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Wolfram tells me that for any $\alpha \ge 1$ (I tried up to $\alpha = 10^8$). $$\lim_{x \rightarrow 0} \frac {\sin \left(\frac 1x\right)}{x^\alpha} < \infty$$ How can I show that this is true?

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  • $\begingroup$ It should be $\alpha<0$! $\endgroup$ – Mhenni Benghorbal Feb 15 '16 at 4:59
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    $\begingroup$ There's no way this converges for $\alpha\geq 0$... $\endgroup$ – bartgol Feb 15 '16 at 5:00
  • $\begingroup$ Look at the plot that wolframalpha makes. It clearly shows something fishy is going on around 0. If you try a small $\alpha$ (1 or 2) you clearly see the mess that is going on around 0... $\endgroup$ – bartgol Feb 15 '16 at 5:04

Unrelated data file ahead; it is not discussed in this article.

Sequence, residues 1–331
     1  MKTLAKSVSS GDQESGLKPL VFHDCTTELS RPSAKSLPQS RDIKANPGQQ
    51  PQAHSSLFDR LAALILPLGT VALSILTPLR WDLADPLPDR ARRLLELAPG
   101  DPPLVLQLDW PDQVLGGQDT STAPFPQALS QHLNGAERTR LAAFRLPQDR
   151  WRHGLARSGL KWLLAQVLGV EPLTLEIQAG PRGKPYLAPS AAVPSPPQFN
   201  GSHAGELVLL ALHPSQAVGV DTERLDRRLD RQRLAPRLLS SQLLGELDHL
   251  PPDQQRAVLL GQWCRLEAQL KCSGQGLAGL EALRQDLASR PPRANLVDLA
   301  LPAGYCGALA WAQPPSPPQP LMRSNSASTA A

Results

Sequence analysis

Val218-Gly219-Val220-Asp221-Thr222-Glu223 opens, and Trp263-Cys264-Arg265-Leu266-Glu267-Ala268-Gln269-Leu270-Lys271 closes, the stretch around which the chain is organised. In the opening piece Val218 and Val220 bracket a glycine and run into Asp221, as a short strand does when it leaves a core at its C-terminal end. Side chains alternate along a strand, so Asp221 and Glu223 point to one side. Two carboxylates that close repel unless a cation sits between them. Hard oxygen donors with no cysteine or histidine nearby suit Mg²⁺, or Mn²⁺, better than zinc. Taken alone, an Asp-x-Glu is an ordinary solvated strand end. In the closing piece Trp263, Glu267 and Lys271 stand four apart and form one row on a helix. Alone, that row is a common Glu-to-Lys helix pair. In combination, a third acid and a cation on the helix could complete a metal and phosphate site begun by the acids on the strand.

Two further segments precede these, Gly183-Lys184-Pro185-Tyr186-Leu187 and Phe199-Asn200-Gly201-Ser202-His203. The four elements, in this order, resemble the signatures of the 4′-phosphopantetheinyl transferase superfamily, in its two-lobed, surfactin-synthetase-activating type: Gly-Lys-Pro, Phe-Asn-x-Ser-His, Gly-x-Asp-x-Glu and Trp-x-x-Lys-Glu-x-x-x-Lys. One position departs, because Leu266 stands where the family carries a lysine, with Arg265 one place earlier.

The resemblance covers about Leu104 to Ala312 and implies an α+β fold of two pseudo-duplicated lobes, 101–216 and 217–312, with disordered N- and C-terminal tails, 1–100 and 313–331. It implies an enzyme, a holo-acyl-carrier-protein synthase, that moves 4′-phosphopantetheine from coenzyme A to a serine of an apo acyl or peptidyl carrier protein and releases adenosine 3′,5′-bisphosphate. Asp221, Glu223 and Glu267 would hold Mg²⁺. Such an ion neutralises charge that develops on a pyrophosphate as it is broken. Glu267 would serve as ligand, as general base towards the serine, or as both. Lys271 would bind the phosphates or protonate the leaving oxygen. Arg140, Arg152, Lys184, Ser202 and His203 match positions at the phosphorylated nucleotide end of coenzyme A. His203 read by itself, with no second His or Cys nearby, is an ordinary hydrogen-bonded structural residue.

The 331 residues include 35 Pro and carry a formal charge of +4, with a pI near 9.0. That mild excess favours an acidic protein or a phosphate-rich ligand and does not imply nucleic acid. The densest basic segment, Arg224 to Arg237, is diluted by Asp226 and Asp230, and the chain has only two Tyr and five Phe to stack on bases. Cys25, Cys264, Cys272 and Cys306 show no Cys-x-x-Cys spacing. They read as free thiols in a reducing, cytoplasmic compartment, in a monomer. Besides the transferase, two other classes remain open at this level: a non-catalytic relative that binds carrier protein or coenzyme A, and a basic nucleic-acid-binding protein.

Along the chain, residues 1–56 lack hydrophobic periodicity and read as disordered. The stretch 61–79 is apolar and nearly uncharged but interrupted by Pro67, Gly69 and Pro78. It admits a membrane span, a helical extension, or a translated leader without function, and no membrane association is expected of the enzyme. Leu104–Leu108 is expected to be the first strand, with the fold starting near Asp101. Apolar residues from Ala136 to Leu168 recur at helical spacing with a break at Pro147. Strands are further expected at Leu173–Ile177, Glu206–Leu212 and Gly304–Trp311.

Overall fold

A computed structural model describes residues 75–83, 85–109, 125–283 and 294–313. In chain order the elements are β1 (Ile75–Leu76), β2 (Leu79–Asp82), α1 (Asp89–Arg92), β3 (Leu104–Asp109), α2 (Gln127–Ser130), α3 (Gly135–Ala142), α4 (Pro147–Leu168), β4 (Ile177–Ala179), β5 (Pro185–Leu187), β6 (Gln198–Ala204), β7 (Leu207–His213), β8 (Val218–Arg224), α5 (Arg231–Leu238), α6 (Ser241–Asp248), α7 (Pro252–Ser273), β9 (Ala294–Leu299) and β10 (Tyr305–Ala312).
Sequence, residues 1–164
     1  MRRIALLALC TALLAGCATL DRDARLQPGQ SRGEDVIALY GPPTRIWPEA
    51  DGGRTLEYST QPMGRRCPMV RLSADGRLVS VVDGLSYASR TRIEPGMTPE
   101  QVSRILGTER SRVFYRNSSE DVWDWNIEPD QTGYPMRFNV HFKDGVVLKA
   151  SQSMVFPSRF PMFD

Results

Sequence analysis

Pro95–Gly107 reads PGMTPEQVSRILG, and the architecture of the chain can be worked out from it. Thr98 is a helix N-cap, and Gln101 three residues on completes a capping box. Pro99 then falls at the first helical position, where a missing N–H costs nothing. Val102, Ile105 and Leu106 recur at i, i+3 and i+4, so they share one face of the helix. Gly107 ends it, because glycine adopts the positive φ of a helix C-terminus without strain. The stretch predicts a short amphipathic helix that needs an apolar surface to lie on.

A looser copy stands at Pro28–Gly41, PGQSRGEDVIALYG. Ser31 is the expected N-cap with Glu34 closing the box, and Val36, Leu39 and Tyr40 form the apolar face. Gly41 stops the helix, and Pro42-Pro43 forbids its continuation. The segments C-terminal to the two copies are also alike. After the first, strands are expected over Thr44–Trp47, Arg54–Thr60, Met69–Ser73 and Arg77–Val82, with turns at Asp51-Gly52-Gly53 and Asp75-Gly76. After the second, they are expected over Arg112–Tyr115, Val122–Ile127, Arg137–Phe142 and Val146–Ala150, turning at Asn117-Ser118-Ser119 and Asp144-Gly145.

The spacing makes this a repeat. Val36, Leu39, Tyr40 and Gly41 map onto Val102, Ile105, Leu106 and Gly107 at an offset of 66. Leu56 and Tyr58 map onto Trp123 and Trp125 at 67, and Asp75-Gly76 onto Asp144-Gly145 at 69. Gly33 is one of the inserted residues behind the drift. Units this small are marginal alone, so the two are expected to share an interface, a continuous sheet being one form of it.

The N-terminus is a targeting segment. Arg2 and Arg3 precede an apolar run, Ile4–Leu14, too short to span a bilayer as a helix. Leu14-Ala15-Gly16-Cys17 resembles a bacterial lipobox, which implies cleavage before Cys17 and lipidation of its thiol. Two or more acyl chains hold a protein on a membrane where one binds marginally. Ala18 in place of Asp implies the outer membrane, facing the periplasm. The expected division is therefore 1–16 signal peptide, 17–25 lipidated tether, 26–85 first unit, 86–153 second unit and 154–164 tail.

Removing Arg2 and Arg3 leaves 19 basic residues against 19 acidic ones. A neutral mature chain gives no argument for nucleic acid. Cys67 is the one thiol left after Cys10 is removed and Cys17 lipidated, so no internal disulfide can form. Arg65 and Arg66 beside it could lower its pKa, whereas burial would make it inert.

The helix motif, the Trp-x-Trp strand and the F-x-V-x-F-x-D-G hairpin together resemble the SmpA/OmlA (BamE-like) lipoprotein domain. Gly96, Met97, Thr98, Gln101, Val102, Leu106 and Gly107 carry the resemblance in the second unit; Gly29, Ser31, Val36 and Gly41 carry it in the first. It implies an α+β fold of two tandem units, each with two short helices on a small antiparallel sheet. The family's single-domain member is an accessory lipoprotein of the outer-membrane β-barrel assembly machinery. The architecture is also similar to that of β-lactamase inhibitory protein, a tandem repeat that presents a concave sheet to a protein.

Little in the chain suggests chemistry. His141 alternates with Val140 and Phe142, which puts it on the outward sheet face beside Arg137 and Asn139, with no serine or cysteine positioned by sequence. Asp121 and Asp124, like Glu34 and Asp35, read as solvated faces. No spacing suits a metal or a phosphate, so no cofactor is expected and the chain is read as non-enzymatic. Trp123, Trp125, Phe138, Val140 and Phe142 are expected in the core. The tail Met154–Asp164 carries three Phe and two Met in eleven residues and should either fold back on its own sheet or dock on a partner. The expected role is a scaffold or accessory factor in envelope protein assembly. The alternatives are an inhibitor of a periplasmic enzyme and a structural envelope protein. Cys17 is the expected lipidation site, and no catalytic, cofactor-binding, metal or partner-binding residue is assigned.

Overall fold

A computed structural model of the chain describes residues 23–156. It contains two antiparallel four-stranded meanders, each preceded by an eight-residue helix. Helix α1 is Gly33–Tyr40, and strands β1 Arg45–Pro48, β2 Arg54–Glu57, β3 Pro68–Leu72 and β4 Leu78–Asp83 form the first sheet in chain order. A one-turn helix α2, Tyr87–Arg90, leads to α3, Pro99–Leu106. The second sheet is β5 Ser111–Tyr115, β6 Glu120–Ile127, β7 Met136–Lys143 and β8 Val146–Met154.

• $\begingroup$ I include the plot here too. It only shows the imaginary part. $\endgroup$ – Paichu Feb 15 '16 at 5:06
  • $\begingroup$ Have you seen my Comment? $\endgroup$ – Mhenni Benghorbal Feb 15 '16 at 5:35
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Function $\sin(1/x)$ is bounded as $x\rightarrow0$, while $x^{-\alpha} \rightarrow 0$ for $\alpha<0$. As a result, the limit of their product is $0$ as well.

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  • $\begingroup$ The limit in the question is for $x\to 0$... $\endgroup$ – bartgol Feb 15 '16 at 5:01
  • $\begingroup$ @bartgol: my bad. $\endgroup$ – Pavel Feb 15 '16 at 5:02

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